In the today’s globalized world, ease of movement has never been greater, and it is sometimes difficult for persons of different origins to communicate effectively. America has always had a multicultural social fabric, with the historic swelling ranks of immigrants growing our population since the very founding of the 13 colonies.
Today our cultural mix continues to be a blur of a faces with many different features. Distinguishing Burmese from Vietnamese, Austrian from German, or Nigerian from Ghanaian can be challenging for the average American without practiced interaction.
But in business we share the common goal to succeed with a profit.
Our economy is open for business across all ethnicities, cultural, and religious, if not be common sense than by law. From remote, rural hamlets to high-density urban cities, these cross-culture experiences are becoming business as usual.
Still, sometimes doing business with persons from other cultures can result in misinterpretations of words and actions, making it hard for one ethnic group to become comfortable doing business with another. These differences certainly permeate the lending environment. Both borrower and lender must be sensitive to such differences; they must invest extra time developing a business relationship to establish confidence in each other.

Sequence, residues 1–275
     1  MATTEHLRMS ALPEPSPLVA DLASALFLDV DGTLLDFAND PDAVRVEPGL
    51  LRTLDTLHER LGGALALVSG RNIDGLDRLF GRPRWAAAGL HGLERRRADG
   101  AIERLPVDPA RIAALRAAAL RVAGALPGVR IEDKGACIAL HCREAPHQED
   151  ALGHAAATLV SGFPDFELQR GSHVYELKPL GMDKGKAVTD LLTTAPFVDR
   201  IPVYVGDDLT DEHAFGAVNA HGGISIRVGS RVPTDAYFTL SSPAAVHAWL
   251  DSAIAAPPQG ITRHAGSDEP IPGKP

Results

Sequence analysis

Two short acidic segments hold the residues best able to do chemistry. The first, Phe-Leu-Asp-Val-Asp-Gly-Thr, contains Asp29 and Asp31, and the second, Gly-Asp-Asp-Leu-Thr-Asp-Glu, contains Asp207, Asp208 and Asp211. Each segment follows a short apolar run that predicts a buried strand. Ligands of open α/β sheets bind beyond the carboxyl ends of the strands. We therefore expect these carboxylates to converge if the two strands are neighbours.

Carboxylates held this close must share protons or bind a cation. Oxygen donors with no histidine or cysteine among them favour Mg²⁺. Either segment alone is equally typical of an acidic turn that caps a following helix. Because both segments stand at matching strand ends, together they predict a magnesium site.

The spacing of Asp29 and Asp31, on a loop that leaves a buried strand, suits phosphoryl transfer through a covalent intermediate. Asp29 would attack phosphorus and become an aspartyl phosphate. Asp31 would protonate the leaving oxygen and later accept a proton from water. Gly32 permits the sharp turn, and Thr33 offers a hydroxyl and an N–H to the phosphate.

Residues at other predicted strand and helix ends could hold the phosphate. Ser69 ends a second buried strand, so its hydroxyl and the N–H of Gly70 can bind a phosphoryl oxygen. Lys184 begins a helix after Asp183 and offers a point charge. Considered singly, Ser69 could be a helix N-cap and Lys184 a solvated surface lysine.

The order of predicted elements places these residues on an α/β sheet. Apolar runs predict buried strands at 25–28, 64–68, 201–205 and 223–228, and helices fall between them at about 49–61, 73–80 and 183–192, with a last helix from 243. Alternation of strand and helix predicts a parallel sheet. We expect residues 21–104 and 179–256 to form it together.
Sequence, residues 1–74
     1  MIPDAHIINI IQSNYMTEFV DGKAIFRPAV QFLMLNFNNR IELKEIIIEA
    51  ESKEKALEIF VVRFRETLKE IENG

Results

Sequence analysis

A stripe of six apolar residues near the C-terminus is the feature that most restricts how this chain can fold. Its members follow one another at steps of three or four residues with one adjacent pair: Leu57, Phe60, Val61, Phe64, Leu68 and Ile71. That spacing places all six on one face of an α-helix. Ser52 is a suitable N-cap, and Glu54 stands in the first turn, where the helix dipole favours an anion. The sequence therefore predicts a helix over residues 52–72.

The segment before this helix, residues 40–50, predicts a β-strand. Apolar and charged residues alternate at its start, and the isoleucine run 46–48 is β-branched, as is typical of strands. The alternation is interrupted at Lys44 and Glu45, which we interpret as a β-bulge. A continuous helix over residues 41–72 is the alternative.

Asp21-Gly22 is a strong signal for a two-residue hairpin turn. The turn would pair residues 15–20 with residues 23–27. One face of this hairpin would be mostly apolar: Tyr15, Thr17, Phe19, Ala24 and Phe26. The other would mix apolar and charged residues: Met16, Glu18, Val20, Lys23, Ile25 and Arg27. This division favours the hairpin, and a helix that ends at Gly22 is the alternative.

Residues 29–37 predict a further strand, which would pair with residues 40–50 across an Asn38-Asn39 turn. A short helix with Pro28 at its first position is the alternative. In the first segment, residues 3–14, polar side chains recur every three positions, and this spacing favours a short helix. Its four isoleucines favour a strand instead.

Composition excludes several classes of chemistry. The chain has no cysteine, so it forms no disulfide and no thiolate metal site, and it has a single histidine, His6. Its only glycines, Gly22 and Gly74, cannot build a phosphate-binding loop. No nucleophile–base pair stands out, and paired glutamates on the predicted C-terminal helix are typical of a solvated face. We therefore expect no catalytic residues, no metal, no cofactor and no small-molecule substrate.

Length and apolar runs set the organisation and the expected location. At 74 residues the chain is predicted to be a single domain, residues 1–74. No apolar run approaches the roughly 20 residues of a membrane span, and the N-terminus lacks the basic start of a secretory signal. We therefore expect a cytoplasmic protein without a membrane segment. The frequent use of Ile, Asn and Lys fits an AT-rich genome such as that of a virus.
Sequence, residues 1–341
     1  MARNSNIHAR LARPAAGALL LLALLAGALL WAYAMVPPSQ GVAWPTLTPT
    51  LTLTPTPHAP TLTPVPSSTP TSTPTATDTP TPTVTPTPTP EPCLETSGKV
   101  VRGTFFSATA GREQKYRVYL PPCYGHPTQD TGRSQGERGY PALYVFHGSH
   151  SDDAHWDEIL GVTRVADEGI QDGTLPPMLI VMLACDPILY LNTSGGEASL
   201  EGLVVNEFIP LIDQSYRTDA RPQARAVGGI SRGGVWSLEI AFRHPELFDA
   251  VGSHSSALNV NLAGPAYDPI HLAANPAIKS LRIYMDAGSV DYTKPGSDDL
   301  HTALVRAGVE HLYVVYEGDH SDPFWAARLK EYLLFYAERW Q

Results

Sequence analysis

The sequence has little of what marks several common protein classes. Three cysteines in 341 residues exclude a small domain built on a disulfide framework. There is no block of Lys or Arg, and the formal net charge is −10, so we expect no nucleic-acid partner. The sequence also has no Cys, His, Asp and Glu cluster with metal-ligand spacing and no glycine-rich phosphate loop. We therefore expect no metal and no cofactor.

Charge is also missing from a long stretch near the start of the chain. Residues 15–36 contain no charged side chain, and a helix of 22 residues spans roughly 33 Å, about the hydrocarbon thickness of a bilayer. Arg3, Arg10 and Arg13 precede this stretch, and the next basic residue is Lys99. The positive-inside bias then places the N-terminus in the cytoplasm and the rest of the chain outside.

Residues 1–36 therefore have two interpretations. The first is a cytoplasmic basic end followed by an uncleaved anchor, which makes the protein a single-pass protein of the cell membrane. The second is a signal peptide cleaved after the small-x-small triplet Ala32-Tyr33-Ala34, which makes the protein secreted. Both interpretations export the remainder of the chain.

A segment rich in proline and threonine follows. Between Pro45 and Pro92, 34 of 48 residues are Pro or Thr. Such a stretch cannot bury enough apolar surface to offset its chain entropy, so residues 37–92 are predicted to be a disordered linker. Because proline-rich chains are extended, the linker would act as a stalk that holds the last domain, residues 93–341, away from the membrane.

Overcoming the barriers of doing business with someone of a different background is a two-way street. Sometimes each side will have to talk out questions and guard against quick judgments based on native assumptions.
Certain social or ethnic differences may result in a miscommunication of intentions or response. Careful, deliberate and frank conversations can sometimes be very useful to avoid our tendency to presume a natural sense of protocol, which may be absent from the social practices of other cultures.